The Poetry of Kasiprasad Ghose-Chief Features


The Poetry of Kasiprasad Ghose-Chief Features

The Poetry of Kasiprasad Ghose-Chief Features

The Poetry of Kasiprasad Ghose-Chief Features

The Poetry of Kasiprasad Ghose-Chief Features

It is generally said that Henry Derozio was the first Indian poet who wrote poetry in English. But he was not an aborigine of India because he came off of mixed Portuguese and Indian descent. It was Kasiprasad Ghose (1809-1873) who was the first pure Indian who wrote poetry in English because he was an aboriginal Indian descent. On the other hand, the themes and style of Henry Derozio’s poetry were half English and half Indian. But both the themes and style of Kasiprasad Ghose were pure Indian, except only language. Both in matter and manner, he was full of Indian sensibilities. He wrote on Indian blind faith, Indian natural scenery, Indian wild being, and so on. 

‘To a Young Hindu Widow’ is a poem in which he has expressed the sorrows and sufferance, social negligence and hatred suffered by an Indian widow. In Indian society till the time of Kasiprasad Ghose, a Hindu widow could not enter into a second marriage and all her remaining life she had to suffer inestimable social hatred and negligence. She had to give up all the joys and comforts of life. Her widowhood was a living tragedy; a living death. Her sorrows and sufferance ended in her death only. The poet writes:

”Thou mayst not, dar’st not, must not hope

A joy upon the world beneath;

But thou must ev’r with sorrow’s cope,

Sorrows which only end in death.”

The Poetry of Kasiprasad Ghose-Chief Features

Till Kasiprasad Ghose, there were poets and poets in India, but none seemed to portray the sufferance of a widow in poetry.

‘The Shair’s Farewell Song’ is another poem in which the poet portrays the natural beauty as well as his love and praise for the natural beauty of India. In this poetry, the poet says that an individual whose title is ‘Shair’,  goes to the sea, being grief-worn, to make an end to his life as to get rid of his grief. But before jumping down to the sea to commit suicide, he climbs up the rock beside the sea to enjoy the natural scenery of his motherland and sings a song in praise of her beauty. The description of the beauty of his land is realistic and heart-penetrating. He sings:

”Farewell my lovely native land!

Where roses bloom in many a vale;

Where green clad hills majestic stand

Where flowers woo the scented gale


Where mighty Ganga’s billows flow

And wonder many a country by

Where ocean smiles serene below,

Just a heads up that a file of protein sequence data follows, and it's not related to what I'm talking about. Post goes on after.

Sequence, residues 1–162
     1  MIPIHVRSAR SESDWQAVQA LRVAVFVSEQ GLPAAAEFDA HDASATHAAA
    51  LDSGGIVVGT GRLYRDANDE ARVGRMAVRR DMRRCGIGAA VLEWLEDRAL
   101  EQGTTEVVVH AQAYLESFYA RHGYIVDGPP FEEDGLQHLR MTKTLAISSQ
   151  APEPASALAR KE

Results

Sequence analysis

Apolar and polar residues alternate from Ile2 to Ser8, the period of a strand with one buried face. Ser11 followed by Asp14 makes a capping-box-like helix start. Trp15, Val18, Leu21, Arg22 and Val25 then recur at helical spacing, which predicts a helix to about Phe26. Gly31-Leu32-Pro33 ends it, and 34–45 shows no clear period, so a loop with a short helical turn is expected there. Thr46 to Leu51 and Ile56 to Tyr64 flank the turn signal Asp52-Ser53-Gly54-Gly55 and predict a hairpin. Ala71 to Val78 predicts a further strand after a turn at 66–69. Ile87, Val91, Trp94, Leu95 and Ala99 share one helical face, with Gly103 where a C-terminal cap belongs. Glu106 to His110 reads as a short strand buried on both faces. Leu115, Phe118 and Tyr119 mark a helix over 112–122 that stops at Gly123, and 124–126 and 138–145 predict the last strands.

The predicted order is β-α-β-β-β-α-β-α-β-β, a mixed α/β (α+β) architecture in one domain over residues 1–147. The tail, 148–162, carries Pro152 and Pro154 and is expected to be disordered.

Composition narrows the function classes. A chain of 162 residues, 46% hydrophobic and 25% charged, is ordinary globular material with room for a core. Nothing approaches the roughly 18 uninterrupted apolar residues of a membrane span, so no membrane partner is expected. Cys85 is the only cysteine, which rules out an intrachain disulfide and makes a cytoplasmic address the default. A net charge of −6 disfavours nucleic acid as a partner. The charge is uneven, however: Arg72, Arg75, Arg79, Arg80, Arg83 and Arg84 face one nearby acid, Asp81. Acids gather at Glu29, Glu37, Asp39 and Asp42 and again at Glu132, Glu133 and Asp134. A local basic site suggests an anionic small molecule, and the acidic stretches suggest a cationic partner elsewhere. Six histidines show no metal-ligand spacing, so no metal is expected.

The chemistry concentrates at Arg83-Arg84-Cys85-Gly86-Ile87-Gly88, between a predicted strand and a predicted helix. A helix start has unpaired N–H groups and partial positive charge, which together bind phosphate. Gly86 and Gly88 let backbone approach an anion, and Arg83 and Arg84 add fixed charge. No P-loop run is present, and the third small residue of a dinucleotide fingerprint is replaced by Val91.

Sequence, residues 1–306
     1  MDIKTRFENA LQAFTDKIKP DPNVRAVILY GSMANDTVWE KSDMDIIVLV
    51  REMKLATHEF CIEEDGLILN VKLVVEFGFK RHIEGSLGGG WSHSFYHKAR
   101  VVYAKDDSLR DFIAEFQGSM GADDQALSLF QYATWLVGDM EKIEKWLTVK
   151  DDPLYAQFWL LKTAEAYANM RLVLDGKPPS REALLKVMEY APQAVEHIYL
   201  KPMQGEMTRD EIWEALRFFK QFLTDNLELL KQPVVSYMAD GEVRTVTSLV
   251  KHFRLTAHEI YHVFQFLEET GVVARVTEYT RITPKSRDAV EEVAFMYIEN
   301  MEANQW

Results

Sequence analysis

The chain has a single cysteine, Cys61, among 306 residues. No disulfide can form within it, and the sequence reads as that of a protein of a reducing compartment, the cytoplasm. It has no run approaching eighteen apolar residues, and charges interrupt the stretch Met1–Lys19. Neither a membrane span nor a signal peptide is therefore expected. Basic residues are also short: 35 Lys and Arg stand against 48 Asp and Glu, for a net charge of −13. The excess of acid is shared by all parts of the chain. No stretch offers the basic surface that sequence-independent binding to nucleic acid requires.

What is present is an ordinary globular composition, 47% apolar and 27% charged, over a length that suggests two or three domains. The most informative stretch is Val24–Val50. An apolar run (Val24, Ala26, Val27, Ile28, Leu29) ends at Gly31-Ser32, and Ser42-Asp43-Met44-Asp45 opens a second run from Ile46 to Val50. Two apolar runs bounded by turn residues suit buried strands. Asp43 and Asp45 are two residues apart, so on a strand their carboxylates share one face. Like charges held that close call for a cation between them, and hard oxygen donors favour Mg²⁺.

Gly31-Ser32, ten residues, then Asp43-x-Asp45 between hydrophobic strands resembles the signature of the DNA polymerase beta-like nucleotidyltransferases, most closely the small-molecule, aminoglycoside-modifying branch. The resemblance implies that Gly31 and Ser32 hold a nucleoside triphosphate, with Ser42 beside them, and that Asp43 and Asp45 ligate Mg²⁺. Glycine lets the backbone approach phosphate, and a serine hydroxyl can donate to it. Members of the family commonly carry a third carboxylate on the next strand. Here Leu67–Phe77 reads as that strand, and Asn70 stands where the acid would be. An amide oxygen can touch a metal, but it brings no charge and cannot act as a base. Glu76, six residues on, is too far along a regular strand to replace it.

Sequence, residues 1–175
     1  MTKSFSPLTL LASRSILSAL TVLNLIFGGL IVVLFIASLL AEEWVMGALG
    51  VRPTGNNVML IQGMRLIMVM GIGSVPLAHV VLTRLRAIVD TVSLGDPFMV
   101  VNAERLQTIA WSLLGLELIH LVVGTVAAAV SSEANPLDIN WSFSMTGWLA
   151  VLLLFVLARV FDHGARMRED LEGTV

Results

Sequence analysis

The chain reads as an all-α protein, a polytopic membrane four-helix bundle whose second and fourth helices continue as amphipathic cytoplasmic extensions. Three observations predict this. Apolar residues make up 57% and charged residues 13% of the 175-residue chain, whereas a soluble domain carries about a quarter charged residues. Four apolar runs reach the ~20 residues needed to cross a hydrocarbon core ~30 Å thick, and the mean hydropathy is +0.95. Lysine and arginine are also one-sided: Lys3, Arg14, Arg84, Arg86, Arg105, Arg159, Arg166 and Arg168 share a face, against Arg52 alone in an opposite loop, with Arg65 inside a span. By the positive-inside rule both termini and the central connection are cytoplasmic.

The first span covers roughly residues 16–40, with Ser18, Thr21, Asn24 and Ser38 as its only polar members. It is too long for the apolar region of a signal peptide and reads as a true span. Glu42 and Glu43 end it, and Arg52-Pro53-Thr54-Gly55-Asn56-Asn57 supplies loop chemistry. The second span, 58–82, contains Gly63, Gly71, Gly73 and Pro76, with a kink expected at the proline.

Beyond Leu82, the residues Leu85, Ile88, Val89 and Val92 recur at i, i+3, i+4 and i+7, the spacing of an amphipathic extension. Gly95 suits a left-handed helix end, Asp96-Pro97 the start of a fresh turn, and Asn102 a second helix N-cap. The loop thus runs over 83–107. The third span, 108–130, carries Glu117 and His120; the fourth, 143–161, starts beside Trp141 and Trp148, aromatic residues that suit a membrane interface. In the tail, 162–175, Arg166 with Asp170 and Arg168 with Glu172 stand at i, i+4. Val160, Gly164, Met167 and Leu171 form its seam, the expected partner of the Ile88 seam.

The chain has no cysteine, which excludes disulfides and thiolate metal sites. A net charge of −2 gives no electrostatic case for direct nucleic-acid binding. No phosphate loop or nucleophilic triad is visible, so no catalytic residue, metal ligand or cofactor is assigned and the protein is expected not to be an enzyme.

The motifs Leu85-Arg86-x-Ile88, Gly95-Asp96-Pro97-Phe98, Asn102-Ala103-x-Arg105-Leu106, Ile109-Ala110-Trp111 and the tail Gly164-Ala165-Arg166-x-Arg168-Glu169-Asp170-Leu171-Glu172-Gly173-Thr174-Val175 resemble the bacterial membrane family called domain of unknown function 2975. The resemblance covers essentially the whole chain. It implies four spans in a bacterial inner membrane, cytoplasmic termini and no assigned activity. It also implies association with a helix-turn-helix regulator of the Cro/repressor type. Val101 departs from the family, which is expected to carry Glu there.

Beneath thy blue and sunny sky.”

The Poetry of Kasiprasad Ghose-Chief Features

To a Dead Crow is another individual poem in which the poet expresses his love for Indian wild beings. The crow is a wild bird. None heeds on the bird and its voice. Everybody hates it as an inauspicious bird. But for the poet, it is a “gay minstrel of the Indian clime”. In this poetry, the poet sympathizes with the crow. He writes:

”Gay minstrel! nev’r had death before

It’s dart destructive, sharpened more

To pierce a gayer, mortal heart

Than thine, which ah! hath felt the smart!”

The Poetry of Kasiprasad Ghose-Chief Features

There are poets who write poetry in praise of cuckoos, skylarks, and peacocks; but it was Kasiprasad Ghose who wrote poetry in praise of an ugly and inauspicious bird like a crow. 

From the above discussion, it is clear that the main themes of Kasiprasad Ghose’s major poems are Indian and the sympathetic portrayal of these themes proves that he had a great love for his motherland. And hence he may be called a great patriotic Indo-Anglian poet. 

Pathos is the main tone of his poems. All themes taken by him for his poetry are pathetic and thus pathos have been portrayed with sympathy and this sympathy is enough to prove him to be a great lover of his motherland with all its objects and beings. 

The style of Kasiprasad Ghose is also Indian. Poets before him and even many poets after him wrote poetry imitating the style of the English poets. But Kasiprasad had written poetry not imitating the English poets but imitating the Indian style of the Bengali lyrics.

The imagery of his poetry is consciously free from the net of English imagery. He employs simple but native imagery and always keeps himself away from the complexity of the English imageries.  His imageries are mainly visual. But here to say that though his imageries are simple, yet his portrayal of the fact, feeling or idea is so vivid that his readers experience it in such a manner as if it has been happening in front of our eyes. Like his imagery, there is not any complexity and difficulty in word and phrase formations.

At last, it is reasonable to come to the conclusion that Kasiprasad Ghose was the first Indo-Anglian poet whose poetry is replete with national sensibilities. 0 0 0

The Poetry of Kasiprasad Ghose-Chief Features

N.B.  The article ‘The Poetry of Kasiprasad Ghose’ originally belongs to the book ‘Indian English Poets and Poetry-Chief Features‘ by Menonim Menonimus.

Books of Composition by M. Menonimus:

  1. Advertisement Writing
  2. Amplification Writing
  3. Note Making
  4. Paragraph Writing
  5. Notice Writing
  6. Passage Comprehension
  7. The Art of Poster Writing
  8. The Art of Letter Writing
  9. Report Writing
  10. Story Writing
  11. Substance Writing
  12. School Essays Part-I
  13. School Essays Part-II
  14. School English Grammar Part-I
  15. School English Grammar Part-II..

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I am Menonim Menonimus, a Philosopher & Writer.


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